Autistic Survival Guide/Self Esteem

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Positive things about being on the autistic spectrum[edit | edit source]

This is an extension of the Looking on the Bright Side section of Marc's book.

  • Being on the autistic spectrum means that any social skills you want to learn have to be learned manually rather than developing them naturally. You may find however that some of these social skills aren't particularly constructive and in this case it is possible to learn better social skills than non-autistic people have available to them, especially when socialising with other people on the autistic spectrum.
  • Being on the autistic spectrum means you are likely to have a different emotional range to most other people. While this may occasionally cause you problems in some areas Autistic First Aiders, Doctors, Emergency workers and Managers have found this to be advantageous in certain situations as they are able to continue to make good decisions in situations where NT's have become incapable of functioning, or at best have highly impaired judgement.

Ways to build self esteem[edit | edit source]

  • Fear is detrimental to self esteem.
  • Finding gaps in your knowledge and filling them or otherwise addressing them can lessen the fears associated with those gaps.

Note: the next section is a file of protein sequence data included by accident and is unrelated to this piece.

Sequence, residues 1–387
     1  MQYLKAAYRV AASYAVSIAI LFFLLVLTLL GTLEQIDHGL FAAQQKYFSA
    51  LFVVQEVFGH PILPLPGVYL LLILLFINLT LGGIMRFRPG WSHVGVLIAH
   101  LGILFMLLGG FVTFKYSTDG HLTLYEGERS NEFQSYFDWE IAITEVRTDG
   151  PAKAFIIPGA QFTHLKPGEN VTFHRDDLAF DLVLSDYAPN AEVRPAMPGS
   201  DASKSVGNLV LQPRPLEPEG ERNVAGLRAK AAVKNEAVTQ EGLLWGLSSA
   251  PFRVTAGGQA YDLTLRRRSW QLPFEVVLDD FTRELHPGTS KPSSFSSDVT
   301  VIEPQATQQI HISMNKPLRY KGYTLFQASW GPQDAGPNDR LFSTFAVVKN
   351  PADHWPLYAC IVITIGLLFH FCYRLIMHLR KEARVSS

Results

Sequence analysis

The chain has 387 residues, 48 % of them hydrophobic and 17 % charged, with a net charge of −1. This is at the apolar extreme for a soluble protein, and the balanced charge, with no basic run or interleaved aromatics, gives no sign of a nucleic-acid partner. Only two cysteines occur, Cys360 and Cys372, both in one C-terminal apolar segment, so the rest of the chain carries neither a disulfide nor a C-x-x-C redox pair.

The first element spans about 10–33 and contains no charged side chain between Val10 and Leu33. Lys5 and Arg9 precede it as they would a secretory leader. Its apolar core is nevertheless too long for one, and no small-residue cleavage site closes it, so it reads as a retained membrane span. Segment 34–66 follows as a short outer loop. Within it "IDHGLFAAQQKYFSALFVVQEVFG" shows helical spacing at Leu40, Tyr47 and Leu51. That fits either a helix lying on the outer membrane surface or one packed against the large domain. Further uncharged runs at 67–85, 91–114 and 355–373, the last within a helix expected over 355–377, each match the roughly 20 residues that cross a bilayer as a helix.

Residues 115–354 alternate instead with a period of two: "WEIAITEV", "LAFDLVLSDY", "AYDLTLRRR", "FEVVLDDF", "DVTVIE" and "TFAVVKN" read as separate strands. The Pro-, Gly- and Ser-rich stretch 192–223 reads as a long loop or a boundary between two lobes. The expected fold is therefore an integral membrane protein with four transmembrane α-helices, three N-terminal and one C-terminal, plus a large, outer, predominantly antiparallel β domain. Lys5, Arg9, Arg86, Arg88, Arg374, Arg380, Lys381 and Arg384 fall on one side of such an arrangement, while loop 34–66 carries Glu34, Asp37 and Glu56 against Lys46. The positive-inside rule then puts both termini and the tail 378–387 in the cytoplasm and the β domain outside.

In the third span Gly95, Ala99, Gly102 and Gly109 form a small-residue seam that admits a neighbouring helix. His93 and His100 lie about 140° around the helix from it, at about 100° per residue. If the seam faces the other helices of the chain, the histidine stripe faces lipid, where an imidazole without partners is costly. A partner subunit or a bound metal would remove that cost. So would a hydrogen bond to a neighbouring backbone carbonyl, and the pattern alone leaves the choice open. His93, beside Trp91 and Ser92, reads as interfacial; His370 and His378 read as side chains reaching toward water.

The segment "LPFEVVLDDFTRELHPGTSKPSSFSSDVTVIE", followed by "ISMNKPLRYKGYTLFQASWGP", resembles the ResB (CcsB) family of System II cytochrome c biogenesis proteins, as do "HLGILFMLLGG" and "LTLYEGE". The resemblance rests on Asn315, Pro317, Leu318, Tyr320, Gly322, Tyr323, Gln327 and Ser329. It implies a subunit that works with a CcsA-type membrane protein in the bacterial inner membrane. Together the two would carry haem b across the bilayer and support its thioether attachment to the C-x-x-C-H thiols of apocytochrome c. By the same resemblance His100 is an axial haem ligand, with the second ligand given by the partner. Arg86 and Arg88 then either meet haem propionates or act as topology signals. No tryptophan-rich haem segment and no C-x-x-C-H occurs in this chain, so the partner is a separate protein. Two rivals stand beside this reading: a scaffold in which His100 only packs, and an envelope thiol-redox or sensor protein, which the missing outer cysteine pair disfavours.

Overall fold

• Fear can be a good guide to finding gaps in your knowledge.
  • Taking time regularly to meditate about recent events can be beneficial and dangerous too. XXX (anon65 - conflicting objectives)
    • A danger for autistic spectrum people that Marc Segars guide talks about is getting into circular reasoning traps. See the section on "self maintainance" for more on this, and how to avoid them.
    • Comparing recent events, good and bad, with what you would have expected to happen can teach you more about social interaction, or reinforce what you already know.
  • Having hobbies and engaging in personal interests is one of the best ways to build self esteem. The better you are at them, the greater the reward will be, but:
    • Be very careful to investigate and understand the dangers in your hobbies. Take safety seriously. There's no point in developing a skill today that you can't use tomorrow.